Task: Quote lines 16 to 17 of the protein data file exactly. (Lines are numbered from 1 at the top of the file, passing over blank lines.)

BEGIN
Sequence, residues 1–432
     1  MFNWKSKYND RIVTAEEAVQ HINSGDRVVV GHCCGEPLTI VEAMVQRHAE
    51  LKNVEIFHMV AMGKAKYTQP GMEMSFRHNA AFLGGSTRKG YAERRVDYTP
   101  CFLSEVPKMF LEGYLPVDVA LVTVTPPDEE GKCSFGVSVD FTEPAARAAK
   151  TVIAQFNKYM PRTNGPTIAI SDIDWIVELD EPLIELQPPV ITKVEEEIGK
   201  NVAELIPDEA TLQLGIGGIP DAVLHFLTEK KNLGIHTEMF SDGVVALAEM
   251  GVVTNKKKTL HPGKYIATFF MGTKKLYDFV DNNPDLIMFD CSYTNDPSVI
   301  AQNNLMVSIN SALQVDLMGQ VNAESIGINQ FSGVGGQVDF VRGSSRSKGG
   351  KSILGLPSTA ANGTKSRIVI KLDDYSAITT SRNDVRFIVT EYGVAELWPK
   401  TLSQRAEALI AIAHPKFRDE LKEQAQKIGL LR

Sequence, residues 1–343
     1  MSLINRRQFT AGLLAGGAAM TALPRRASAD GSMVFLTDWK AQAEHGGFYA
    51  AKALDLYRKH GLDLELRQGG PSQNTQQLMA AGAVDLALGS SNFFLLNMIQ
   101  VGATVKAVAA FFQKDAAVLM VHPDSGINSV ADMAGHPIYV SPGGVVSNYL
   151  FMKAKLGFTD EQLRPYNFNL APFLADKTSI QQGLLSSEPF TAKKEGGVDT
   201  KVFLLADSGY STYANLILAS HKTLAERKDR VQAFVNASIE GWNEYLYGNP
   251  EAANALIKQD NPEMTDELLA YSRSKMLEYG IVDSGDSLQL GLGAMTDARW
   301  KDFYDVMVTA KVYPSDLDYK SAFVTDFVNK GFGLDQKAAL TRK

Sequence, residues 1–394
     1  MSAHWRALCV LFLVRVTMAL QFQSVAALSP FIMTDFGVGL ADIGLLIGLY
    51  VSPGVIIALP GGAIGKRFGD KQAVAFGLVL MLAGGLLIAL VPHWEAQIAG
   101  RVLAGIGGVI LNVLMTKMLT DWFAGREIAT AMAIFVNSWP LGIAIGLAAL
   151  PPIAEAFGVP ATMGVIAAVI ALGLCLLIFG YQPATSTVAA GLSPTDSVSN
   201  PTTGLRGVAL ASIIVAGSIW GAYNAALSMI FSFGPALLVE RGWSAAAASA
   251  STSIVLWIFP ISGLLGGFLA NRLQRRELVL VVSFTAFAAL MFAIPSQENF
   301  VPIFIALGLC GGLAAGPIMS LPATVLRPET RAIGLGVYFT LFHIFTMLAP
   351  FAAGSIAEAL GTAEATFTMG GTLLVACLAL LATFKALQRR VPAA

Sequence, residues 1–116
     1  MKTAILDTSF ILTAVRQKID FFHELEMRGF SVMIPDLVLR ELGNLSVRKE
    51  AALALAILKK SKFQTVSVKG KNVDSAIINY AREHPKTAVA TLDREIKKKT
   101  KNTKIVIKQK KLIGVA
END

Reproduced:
   201  KVFLLADSGY STYANLILAS HKTLAERKDR VQAFVNASIE GWNEYLYGNP
   251  EAANALIKQD NPEMTDELLA YSRSKMLEYG IVDSGDSLQL GLGAMTDARW